Ten days after an explosion at the Deepwater Horizon oil rig in the Gulf of Mexico killed 11 workers and started spewing 210,000 gallons of oil a day, the pressure is growing on BP to stop the leak. The oil giant’s proposal for the drilling operation, submitted to federal regulators February 2009, ruled out the possibility of serious environmental damage from an oil spill, according to The Washington Post:

The company said “it is unlikely that an accidental oil spill release would occur from the proposed activities.” While it acknowledged that a spill could “cause impacts to wetlands” and to beaches, it added that “due to the distance to shore (48 miles) and the response capabilities that would be implemented, no significant adverse impacts are expected.” It said any effects on fish or shellfish would be “sub-lethal.””

The complete failure of underwater shut-off valves was not considered in the planning stages, the Coast Guard told The Post. Now, in addition to cleaning up the spill, BP must figure out how to seal the leak. The Post illustrates three options, the quickest of which would activate a shut-off valve on the sea floor using remote-controlled robots. A second option calls for covering the leaks with a 100-ton steel dome and funneling the oil to the surface; the method would take a few weeks and has been effective at much shallower depths. A third option would dig a horizontal well to intercept oil away from the leaking well, reducing the pressure and making it possible to seal the leak. There is at least one drill ship already in place to start this months-long process.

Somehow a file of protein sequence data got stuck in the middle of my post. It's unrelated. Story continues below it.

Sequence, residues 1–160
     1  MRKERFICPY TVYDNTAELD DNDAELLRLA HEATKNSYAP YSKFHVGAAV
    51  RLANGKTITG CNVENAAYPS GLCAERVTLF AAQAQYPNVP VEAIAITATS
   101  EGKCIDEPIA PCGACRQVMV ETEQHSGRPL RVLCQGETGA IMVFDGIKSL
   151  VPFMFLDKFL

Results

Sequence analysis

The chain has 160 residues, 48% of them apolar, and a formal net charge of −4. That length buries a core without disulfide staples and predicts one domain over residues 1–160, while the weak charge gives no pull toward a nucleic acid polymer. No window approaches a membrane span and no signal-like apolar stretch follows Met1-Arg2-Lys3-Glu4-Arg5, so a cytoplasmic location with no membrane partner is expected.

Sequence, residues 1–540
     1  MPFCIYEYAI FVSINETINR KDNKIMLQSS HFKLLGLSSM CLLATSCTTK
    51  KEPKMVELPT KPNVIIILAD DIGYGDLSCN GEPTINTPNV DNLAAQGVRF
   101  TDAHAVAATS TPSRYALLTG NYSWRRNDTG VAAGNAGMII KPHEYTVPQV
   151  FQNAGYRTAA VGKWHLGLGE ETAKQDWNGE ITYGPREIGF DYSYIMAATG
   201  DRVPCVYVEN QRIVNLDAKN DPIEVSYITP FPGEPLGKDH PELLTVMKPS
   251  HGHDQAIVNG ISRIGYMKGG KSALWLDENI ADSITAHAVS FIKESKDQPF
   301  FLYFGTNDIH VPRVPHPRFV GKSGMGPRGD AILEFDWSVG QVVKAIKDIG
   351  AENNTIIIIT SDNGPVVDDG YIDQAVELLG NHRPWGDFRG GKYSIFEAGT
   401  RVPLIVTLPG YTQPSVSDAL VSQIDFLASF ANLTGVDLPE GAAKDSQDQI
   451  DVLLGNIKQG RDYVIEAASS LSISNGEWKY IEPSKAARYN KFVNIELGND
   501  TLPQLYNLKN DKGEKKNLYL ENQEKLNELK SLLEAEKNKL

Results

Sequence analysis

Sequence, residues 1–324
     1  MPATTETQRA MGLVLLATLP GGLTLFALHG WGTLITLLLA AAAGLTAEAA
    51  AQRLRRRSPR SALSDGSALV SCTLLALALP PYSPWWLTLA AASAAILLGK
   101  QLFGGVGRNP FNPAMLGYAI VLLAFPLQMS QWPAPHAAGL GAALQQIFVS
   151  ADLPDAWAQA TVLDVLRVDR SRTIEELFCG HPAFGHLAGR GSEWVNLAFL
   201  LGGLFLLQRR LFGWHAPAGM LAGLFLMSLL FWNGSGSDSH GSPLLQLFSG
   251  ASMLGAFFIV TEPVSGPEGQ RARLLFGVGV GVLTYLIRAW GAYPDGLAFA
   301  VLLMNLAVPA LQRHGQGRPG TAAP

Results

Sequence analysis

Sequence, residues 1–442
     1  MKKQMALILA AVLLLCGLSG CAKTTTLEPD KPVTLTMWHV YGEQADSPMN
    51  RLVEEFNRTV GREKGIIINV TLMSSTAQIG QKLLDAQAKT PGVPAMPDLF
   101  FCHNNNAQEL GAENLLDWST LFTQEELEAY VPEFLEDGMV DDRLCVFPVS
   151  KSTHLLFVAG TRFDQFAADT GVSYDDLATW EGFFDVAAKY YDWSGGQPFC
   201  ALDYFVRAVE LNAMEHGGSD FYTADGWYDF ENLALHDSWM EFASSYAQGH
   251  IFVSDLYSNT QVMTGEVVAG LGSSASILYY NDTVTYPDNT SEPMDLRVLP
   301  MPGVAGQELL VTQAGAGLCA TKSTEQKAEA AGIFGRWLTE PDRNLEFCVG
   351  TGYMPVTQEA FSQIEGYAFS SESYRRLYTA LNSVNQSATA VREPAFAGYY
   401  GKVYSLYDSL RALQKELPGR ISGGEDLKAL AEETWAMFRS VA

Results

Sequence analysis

As federal officials start to figure out how the accident happened, BP is pointing the finger at Transocean, which owned the oil rig. The Wall Street Journal details Transocean’s recent safety records, which are likely to come under scrutiny. Following four worker deaths in 2009, the Swiss-based company’s board of directors voted to withhold executive bonuses until there was an improvement in safety standards. None of the deaths last year were aboard Deepwater Horizon, which as of Februuary 2009 reported no serious accidents for six years, the Journal reports. Transocean received a safety award last year from the Minerals Management Service for its operations in one part of the Gulf of Mexico, and its 2009 safety record was above the industry’s average.

Update: The Coast Guard told the Los Angeles Times that it’s become difficult to estimate the size of the spill. “Any exact estimate is probably impossible at this time,” Coast Guard Adm. Thad Allen said. BP estimates about 5,000 barrels of oil are spilling each day, but an environmental group and a Florida oceanographer say the rate is at least five times greater. From the Times:

A glance at the charts compiled from the oil spill database of the Mineral Management Service shows there were 63 spills of more than 50 barrels in the gulf from 2004 to 2009. Some of those spills were a combination of oil, petroleum products and chemicals such as glycol and zinc bromide, according to MMS. Total barrels: 132.